It’s the anthropologist’s task to catch glimmers of insight amongst the everyday, or the extraordinary in the ordinary. An ethnographic mindset is really all about opening yourself up to rethinking what you thought you already knew. And my cogs turned one weekend when, at a family do, I spotted an older lady playing with a set of children’s dolls.
Uncomfortable with her granddaughters playing with oversexualised toys, this creative grandmother had given them a make-under. She proudly showed off how she’d stripped off their over-the-top makeup, re-painted their faces, and knitted new outfits, all in a bid to give them an altogether more wholesome look. This granny literally hacked a bunch of Bratz to be in line with her own values.
As it turns out, she’s not alone. I discovered that there’s an international community of older women who share before and after doll photos online, and even sell them. In essence, Bratz has an unacknowledged, untargeted, audience of angry women who actually shop their brand, but put it to new and unexpected use.
The feminist motivations for the Bratz make-under reminded me of another toy that fell from favour and lost huge sales volume as new generations of mothers saw the brand and its products as superficial and oversexualised. As well as unrepresentative of real body shapes and out of step with modern diversity. Barbie wasn’t considered empowering – at worst she was oppressive. However, her founding story actually takes us back to another everyday consumer hack that inspired innovation.
The tale goes that Barbie founder Ruth Handler was watching her daughter and friends at play. At the time, dolls were usually designed as children or babies. However, Ruth noticed that these girls weren’t at all babying their toys but actually pretending they were adults. They reframed the intended use of these dolls and imagined new scenarios for themselves, such as being cheerleaders at high school, students at college, office workers. Mundane, observational ethnography lead Handler to an insight – through play, a girl could project into her future self. Ruth shared that with her husband, the founder of the Mattel toy company, and her idea was to invent the first doll in an adult body, one that would facilitate the way young girls actually played with dolls. It would be a symbol of freedom and possibility for young women.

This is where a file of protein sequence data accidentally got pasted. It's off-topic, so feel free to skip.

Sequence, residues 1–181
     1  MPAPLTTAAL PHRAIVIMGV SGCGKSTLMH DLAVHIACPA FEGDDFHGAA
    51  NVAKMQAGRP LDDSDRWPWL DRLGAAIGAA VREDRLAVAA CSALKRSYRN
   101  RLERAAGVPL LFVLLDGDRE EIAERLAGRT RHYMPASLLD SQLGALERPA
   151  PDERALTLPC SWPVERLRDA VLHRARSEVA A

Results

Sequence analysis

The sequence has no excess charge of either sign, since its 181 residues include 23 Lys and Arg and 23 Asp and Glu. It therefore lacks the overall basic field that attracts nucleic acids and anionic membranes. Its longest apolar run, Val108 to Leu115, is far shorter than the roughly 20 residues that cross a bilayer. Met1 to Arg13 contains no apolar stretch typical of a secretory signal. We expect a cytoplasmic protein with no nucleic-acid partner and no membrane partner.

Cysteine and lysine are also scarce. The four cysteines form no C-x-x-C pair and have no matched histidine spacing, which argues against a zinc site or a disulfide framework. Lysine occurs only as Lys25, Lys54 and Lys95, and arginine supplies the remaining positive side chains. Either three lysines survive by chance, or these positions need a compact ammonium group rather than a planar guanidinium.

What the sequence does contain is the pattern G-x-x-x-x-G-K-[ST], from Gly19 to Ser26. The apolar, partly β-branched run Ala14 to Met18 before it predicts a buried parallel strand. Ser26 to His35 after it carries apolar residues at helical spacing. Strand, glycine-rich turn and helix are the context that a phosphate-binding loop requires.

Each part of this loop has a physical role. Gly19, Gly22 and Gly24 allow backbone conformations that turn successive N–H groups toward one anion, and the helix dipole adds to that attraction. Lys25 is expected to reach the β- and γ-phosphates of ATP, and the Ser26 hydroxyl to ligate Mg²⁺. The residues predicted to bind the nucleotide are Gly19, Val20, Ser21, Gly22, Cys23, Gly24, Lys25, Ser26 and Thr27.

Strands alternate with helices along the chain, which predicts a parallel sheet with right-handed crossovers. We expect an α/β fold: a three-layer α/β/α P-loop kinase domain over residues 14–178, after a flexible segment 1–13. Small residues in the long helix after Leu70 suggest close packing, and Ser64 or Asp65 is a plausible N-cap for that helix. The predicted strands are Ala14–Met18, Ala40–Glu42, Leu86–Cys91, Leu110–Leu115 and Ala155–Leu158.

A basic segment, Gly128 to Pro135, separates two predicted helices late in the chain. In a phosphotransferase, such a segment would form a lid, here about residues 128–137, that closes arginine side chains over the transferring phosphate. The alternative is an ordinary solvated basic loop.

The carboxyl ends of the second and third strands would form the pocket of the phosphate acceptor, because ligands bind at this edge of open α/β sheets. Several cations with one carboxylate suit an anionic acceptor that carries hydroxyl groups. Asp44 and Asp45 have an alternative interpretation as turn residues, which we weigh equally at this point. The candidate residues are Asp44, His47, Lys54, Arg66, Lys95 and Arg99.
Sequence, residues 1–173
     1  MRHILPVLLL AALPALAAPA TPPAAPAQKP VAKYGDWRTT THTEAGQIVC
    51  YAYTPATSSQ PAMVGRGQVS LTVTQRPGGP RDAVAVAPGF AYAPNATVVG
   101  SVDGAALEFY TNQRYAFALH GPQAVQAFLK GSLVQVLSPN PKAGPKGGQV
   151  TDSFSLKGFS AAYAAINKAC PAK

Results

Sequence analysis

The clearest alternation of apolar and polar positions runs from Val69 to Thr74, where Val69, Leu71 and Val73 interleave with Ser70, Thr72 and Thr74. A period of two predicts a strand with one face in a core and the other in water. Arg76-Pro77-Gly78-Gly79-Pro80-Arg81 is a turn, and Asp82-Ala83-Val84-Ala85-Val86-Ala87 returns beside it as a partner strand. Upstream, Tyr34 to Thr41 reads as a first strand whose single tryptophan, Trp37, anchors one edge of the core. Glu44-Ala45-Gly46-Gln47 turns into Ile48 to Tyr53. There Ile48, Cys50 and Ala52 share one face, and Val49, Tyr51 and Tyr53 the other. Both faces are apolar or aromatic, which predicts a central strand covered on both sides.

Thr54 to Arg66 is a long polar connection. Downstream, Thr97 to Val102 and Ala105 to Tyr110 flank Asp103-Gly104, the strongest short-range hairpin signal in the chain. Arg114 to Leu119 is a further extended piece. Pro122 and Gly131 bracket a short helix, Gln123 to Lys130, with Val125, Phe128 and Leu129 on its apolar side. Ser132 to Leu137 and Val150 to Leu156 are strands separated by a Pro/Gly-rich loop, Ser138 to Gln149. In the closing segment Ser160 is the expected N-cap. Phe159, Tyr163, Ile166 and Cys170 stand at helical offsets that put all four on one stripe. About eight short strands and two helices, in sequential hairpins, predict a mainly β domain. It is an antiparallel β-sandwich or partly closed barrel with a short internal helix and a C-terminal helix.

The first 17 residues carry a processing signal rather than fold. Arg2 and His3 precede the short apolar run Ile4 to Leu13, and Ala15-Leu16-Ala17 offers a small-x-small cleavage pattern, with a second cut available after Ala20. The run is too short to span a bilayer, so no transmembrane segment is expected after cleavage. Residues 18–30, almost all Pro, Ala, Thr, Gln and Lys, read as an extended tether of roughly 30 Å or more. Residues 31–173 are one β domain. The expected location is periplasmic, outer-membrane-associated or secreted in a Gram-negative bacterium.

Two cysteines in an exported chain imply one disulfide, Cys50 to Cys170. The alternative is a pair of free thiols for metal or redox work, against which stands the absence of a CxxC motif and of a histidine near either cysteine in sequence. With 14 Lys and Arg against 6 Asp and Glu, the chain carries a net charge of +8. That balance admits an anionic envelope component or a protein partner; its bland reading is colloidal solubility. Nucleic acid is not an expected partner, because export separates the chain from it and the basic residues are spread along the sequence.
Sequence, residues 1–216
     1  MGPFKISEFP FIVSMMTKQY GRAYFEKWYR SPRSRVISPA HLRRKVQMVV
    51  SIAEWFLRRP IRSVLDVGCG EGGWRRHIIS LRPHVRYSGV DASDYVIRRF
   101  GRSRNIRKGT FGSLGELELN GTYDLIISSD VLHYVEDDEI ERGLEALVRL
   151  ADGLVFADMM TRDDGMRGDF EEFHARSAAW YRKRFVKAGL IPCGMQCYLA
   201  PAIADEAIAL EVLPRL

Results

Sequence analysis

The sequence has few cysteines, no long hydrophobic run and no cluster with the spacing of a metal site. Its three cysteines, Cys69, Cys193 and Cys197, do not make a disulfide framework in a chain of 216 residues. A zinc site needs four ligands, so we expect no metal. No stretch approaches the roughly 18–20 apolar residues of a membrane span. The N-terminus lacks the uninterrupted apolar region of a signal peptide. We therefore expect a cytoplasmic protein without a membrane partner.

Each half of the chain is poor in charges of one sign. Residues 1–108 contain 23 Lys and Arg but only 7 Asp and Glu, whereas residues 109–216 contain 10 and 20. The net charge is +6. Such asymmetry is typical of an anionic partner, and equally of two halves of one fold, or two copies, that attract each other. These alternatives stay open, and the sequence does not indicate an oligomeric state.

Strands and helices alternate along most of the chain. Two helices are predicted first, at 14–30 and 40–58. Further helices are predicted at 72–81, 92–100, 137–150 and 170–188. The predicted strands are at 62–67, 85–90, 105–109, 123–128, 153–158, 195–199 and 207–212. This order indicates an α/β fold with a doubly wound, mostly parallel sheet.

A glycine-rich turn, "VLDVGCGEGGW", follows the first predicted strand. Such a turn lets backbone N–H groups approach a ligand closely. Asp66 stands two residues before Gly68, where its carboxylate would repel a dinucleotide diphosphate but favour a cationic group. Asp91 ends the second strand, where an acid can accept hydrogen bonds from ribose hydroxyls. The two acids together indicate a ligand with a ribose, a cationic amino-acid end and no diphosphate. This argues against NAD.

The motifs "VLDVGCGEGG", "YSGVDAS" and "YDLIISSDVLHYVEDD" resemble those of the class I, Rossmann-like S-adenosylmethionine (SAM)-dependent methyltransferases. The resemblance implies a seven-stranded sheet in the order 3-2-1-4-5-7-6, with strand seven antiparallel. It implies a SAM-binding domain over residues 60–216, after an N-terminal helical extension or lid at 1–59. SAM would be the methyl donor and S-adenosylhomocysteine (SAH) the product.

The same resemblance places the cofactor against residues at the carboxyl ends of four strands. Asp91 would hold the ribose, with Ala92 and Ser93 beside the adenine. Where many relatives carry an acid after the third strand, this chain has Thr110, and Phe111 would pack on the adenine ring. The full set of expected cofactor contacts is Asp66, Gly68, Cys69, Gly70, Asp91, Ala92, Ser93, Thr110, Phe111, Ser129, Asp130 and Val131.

Bratz and Barbie bring home the power of ethnography as part of our research toolkit to reveal the surprising and inspiring in everyday product interaction.
Anthropologist Clifford Geertz said, “man is an animal suspended in webs of significance he himself has spun”. What are those webs of significance that your consumers are spinning for themselves? How do consumers already re-appropriate your products and messages to create new or more powerful meaning, beyond the one the brand prescribes today?
Granny hacked her granddaughter’s tarty Bratz. Ruth Handler’s daughter hacked her baby dolls. Bepanthen Nappy Rash cream found use in tattoo parlours on newly inked, sensitive skin. Lucozade, conceived as a diarrhea replenishment drink, was imbibed by sportsmen to rehydrate. Many people love breakfast cereal, at dinner time. Odd, everyday behaviours are actually examples of consumers crying out for our attention. They represent opportunity. And right under our noses may be where the clues lie to the next best innovation, communications or brand strategies.
At Thinktank we believe in discursive methods but we also love to discover the unexpected in the mundane through live observation of the consumer’s world, be it online or face-to-face. We’ve been there in teenagers’ bedrooms in Jeddah, DIY stores in Warsaw, petrol stations in Chendung and kitchens in Cologne and Sutton Coldfield. Our ethnographic mindset has helped us to reveal behaviours that have given birth to surprising new ideas. You could call them brand or product make-overs, if you like.
Vanessa Lea is Senior Research Manager at Thinktank International Research